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The most significant theme in the novel "Lord of the Flies" by William Golding is the degeneration from civility to savagery. Sub themes to this novel would be power and

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Introduction

Savagery, Power, and Fear The most significant theme in the novel "Lord of the Flies" by William Golding is the degeneration from civility to savagery. Sub themes to this novel would be power and the fear of the unknown. In this novel William Golding depicts the importance of having rules and regulations even in secluded islands. Without any order total destruction will occur. The boys' lack of laws caused abuse of power and fear. Control of inner self, power, and fear are essential for a civilized society. All the boys on the island have degenerated from civility to savagery. "The rock struck Piggy a glancing blow from chin to knee; the conch exploded into a thousand white fragments and ceased to exist" pg 200. ...read more.

Middle

"'Well then' All at once he found he could talk fluently and explain what he had to say. He passed a hand through his fair hair and spoke" pg 30. Ralph depended on the conch to maintain his leadership. Ralph wanted to work together and have a democratic society. He as much possible thought of ways of getting off the island. Jack on the other hand wanted everyone to follow and obey his rules. "Conch! Conch! Shouted Jack, we don't need the conch any more. We know who ought to say things. What good did Simon do speaking, or Bill, or Walter? It's time some people knew they've got to keep quiet and leave deciding things to the rest of us-" pg 110-111. ...read more.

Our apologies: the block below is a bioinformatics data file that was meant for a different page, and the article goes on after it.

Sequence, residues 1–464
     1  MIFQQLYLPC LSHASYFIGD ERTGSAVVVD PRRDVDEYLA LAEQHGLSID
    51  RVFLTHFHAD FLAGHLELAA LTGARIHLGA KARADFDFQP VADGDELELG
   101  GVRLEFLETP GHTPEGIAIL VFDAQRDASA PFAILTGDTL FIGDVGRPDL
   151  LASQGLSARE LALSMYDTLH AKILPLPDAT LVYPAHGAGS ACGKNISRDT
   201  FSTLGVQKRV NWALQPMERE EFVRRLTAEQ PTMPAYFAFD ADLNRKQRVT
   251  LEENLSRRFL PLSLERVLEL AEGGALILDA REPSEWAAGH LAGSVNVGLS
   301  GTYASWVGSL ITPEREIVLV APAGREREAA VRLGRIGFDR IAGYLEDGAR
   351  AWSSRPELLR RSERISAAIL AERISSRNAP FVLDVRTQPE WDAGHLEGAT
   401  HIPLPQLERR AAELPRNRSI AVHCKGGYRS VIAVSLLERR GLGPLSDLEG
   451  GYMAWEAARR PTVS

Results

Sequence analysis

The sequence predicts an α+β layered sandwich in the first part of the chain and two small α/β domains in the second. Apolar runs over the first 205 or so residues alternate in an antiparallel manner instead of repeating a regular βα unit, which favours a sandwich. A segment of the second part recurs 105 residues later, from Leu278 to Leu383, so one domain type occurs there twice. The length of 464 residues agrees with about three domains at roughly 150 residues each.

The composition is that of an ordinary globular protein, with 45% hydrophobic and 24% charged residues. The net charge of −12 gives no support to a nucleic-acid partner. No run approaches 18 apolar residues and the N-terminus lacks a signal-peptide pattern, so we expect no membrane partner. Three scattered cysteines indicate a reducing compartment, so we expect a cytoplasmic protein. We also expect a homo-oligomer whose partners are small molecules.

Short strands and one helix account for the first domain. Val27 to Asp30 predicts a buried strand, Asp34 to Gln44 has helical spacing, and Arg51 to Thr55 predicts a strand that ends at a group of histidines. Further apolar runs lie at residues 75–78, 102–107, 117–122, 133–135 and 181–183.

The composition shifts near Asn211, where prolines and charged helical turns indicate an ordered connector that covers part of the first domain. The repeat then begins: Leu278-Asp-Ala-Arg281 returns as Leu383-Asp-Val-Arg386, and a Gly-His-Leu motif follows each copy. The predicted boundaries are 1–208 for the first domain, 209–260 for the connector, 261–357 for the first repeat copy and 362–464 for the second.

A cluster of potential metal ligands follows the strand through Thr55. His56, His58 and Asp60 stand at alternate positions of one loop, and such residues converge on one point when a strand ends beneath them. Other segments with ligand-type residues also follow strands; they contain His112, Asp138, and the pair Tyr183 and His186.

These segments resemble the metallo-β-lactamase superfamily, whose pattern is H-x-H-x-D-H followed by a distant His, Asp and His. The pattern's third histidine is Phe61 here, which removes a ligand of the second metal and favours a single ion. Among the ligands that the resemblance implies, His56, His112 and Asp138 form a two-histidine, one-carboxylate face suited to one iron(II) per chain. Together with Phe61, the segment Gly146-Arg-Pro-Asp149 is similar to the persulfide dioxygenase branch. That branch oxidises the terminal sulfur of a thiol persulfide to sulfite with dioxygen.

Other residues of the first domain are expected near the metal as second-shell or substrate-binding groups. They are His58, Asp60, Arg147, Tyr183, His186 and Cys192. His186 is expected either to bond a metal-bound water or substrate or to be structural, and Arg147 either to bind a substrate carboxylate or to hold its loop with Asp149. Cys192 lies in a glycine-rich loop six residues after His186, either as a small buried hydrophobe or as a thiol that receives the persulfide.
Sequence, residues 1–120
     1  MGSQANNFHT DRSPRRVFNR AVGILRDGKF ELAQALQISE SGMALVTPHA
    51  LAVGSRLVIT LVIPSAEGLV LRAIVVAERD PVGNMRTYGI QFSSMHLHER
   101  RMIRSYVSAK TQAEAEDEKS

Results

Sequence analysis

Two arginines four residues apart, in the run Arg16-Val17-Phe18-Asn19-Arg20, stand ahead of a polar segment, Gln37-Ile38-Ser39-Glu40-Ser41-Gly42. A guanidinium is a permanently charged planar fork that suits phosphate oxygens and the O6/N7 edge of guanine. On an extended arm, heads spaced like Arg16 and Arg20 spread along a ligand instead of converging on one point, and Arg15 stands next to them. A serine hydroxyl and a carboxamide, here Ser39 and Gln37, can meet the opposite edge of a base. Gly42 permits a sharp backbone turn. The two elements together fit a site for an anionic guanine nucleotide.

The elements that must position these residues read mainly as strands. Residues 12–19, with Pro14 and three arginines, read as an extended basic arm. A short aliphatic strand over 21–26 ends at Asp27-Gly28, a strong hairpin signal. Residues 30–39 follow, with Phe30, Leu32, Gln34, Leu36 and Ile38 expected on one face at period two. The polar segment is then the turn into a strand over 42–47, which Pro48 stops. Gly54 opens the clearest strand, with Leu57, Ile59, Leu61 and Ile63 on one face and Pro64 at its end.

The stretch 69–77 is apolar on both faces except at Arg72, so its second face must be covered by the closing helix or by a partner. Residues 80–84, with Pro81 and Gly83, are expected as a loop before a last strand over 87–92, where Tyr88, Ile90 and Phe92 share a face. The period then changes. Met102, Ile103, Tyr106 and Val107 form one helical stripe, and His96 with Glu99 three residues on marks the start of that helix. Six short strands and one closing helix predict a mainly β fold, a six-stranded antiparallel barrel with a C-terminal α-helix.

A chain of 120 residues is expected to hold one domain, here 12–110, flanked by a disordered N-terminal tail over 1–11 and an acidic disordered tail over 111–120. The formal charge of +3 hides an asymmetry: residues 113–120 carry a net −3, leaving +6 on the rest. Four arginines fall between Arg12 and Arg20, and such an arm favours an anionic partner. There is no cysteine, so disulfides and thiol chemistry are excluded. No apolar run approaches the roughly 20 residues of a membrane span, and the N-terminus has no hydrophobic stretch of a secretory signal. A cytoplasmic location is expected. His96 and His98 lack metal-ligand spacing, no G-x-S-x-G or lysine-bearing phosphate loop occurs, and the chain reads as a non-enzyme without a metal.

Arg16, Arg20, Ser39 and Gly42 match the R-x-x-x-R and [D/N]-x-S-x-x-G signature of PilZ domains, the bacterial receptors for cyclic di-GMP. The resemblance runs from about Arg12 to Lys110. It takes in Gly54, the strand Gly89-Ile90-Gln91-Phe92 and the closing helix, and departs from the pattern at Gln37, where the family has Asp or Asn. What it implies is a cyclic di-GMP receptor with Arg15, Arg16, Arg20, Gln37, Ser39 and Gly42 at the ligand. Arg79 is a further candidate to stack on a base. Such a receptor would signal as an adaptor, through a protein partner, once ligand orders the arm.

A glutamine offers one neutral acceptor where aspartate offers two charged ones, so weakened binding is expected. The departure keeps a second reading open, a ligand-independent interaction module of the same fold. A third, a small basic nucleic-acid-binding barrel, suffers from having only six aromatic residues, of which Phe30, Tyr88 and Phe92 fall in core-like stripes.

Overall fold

Conclusion

'But there isn't a snake,' Ralph says" pg 35. Ralph tries to convince the boys that there isn't any beast. Jack tells them that there is a beast and he will kill it. William Golding's novel has no beast wandering on the island except for the beast within man. The fear of the beast is actually the fear of themselves. The degeneration from civility to savagery is the most dominant theme in this novel. Power and the fear of the unknown also play an important part in this work of fiction. The boys were innocent when Ralph was in power. When Jack began gaining power he spread fear to the boys and taught them how to be savage. "Kill the beast! Cut his throat! Spill his blood!-" pg206. Soon after most of the boys followed Jack and became him. Their savagery ways, abuse of power, and play with fear caused total ciaos on the island. ...read more.

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